When I was a wee girl, my Dad had a book called “How to Build with Bananas.” As an intrigued 8 year old, I remember asking him what was it all about as it sounded distinctly silly to me.  The gist of it was that God’s people come in all shapes and sizes, a bit like bananas, and yet somehow God can use all these people to build His church and work to restore His Kingdom. I’m sure 8 year old me thought that this was still all a bit silly but the older I’ve gotten the more I’ve realised the truth of this analogy. We might not call each other ‘bananas’ but we can certainly look around our churches and ‘label’ one another: there’s the ‘musicians’; the ‘prayer warriors’; the ‘fixers’; the ‘traditionalists’; the ‘radicals’; those with a ‘chequered past’ – the list is endless. Yet God calls us each ‘my child’ and uses all of us to further His kingdom.

In our Connect to Community training we use the book of Philemon to illustrate God’s call for us to work in prison ministry.  Onesimus was a slave, known to Philemon, who had been imprisoned with Paul.  In verse 11, Paul refers to Onesimus: “Formerly he was useless to you, but now he has become both useful to you and to me.”  Paul is sending Onesimus back to the community that he has wronged, telling them that he is “no longer a[..] slave , but better than a slave, as a dear brother.” (Verse 16)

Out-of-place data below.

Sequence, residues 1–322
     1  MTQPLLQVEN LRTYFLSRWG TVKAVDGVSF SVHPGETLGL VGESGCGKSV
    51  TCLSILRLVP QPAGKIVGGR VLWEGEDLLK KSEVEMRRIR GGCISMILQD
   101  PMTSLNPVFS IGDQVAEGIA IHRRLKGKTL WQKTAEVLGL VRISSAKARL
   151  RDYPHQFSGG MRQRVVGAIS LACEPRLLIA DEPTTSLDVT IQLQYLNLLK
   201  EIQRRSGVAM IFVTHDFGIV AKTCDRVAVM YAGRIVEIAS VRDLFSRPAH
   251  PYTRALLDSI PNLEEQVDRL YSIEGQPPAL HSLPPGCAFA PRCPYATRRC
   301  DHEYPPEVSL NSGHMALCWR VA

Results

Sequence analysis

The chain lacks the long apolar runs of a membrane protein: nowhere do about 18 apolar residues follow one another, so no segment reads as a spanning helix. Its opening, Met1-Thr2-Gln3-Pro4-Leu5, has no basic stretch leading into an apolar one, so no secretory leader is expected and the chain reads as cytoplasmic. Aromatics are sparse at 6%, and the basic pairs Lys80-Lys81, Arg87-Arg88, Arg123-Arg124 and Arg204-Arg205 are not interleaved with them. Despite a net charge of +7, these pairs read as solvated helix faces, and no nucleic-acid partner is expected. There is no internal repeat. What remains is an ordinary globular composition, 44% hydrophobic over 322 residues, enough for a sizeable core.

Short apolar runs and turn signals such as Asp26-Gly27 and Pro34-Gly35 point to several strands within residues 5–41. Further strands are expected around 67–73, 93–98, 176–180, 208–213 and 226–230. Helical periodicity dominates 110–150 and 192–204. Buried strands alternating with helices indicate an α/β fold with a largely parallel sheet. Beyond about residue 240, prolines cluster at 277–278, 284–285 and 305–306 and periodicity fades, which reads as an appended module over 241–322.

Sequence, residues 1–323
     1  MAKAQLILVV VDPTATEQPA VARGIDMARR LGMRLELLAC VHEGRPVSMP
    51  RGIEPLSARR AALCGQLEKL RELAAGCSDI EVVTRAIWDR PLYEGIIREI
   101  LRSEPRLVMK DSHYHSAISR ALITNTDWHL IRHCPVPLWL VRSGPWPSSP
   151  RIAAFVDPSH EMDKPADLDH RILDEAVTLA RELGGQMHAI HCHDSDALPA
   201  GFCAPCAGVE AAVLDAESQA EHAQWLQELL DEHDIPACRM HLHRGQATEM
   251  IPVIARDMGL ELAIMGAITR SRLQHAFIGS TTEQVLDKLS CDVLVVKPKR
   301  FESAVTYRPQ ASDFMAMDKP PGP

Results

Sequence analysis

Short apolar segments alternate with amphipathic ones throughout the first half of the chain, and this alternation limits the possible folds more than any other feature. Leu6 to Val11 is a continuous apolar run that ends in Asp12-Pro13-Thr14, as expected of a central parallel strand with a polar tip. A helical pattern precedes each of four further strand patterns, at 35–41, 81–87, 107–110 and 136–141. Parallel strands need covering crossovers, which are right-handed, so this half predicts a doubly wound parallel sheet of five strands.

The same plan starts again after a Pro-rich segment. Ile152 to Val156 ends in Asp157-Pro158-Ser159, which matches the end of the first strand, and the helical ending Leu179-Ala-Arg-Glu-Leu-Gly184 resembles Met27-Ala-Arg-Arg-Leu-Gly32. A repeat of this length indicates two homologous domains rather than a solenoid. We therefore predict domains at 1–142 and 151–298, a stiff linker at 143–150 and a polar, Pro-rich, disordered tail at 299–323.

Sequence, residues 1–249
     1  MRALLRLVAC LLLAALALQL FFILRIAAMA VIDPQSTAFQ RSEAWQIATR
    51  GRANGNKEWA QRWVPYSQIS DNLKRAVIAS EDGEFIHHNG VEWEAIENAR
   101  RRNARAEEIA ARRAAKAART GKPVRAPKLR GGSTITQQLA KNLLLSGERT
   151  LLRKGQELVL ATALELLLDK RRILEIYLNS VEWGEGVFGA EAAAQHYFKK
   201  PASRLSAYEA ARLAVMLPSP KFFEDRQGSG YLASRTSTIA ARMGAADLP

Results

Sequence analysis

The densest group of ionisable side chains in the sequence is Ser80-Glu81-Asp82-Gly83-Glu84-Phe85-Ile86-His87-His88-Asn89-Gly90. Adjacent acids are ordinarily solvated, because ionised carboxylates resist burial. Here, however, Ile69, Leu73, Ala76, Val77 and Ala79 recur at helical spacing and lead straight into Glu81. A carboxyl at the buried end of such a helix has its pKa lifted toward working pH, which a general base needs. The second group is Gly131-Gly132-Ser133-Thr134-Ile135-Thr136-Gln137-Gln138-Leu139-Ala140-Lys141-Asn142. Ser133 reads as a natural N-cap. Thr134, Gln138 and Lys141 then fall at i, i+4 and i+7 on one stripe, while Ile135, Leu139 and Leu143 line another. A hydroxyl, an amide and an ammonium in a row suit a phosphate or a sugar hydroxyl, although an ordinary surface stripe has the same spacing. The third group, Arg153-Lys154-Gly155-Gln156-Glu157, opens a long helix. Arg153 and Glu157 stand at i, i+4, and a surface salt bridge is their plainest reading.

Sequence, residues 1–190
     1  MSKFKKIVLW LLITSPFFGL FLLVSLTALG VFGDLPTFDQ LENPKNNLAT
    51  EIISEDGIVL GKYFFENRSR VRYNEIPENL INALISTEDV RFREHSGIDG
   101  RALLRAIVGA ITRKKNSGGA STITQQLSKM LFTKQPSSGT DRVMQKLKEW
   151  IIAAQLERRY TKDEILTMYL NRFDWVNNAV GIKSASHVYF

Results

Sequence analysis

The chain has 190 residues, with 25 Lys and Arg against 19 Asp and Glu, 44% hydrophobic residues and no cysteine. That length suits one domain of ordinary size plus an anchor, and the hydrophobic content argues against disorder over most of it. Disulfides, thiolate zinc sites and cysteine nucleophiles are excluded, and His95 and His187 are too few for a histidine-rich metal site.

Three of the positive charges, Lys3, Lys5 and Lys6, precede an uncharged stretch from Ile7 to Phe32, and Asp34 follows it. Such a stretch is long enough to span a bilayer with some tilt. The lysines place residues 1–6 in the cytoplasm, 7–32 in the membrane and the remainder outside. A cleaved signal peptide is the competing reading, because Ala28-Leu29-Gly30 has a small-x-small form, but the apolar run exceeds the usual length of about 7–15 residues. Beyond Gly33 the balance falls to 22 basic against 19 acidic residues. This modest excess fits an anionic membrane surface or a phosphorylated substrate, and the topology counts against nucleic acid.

God still takes prisoners and makes them useful.

During Prisoners Week – please pray for your ‘brothers and sisters in Christ’ who are in prison and those who have been in prison who walk among us. Pray that you see them as God sees them and not how the world labels them.


Mhairi Phillipson

Connect to Community Referrals and Communication Worker

The gift of being known

Recently, it was reported that 440 homeless people died on the streets in the UK over the last 12 months. The report expressed the horror that such a thing still blights our modern society.  However, what horrified me more, was a haunting sense that each individual had become a combined statistic rendering each one anonymous – unknown – even to the point of death.